Massive Storm Wreaks Havoc in Mexico

Massive Storm Wreaks Havoc in Mexico

( – Hurricane Season is nearing its end in the Pacific, but the threat of storms forming and wreaking havoc will continue to linger for at least another month. Mexico is currently taking inventory after Otis, a strong Category 5 storm, ripped through Acapulco on October 25. As casualty numbers continue to climb, the Mexican state is also focusing on the arduous process of cleaning up the damage.

The storm hit Acapulco with 165 mph winds that took down hotels, businesses, homes, power and lines, and communication networks. According to Mexican Hotel Association President Miguel Angel Fong, 80% of the hotels in the region suffered some form of damage.

Preliminary estimates suggest that the widespread devastation in the region totals at least $10 billion. The storm rapidly strengthened from a Category 1 to a Category 5 in just 12 hours, shocking even forecasters.

Nearly 1,000,000 residents of the area now have no way to communicate. According to Reuters, at least 48 people were dead and another six were missing as of October 29. However, the governor of Guerrero revealed on the following day that at least 45 were dead and another 47 were still unaccounted for.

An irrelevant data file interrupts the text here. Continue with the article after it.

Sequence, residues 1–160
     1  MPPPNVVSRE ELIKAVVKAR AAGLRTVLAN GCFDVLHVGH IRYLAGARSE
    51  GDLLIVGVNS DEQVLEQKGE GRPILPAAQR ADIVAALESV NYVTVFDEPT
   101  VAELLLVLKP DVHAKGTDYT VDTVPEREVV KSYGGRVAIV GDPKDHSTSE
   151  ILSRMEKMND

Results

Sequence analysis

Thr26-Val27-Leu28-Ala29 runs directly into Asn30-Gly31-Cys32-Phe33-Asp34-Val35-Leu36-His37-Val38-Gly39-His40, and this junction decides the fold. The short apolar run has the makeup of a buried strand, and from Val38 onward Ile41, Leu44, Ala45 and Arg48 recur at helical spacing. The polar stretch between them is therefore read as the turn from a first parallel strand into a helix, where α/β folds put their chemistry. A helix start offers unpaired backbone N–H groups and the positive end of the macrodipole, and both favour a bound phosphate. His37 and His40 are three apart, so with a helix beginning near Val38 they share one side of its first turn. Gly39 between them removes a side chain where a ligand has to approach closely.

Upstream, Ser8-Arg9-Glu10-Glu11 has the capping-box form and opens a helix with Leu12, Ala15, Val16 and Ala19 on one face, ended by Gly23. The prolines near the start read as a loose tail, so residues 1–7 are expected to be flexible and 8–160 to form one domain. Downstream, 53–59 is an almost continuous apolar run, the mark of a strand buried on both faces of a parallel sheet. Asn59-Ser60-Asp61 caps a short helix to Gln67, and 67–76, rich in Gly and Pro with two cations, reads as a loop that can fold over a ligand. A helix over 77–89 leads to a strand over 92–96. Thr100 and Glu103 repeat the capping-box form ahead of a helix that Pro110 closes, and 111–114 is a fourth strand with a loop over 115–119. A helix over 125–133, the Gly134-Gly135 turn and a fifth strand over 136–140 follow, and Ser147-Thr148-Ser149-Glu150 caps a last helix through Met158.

In typical crisis fashion, the crisis kicked off an immediate shortage of water, food, and gasoline, spurring on looting. President Andres Manuel Lopez Obrador released a statement on Saturday saying that his cabinet was either in or heading to the area to assess the damage. Obrador visited Guerrero state on Thursday, and experienced some of the struggles when his vehicle got stuck in the mud and he was forced to walk the remaining three miles on foot.

The hurricane also brought Obrador back under the limelight when critics called him out for doing away with the Fund for Natural Disasters, or Fonden, two years ago. At the time, he said the program was “riddled with corruption.” Many also lambasted the president for not giving adequate notice, saying he posted on X, formerly Twitter, mere hours before the storm hit.

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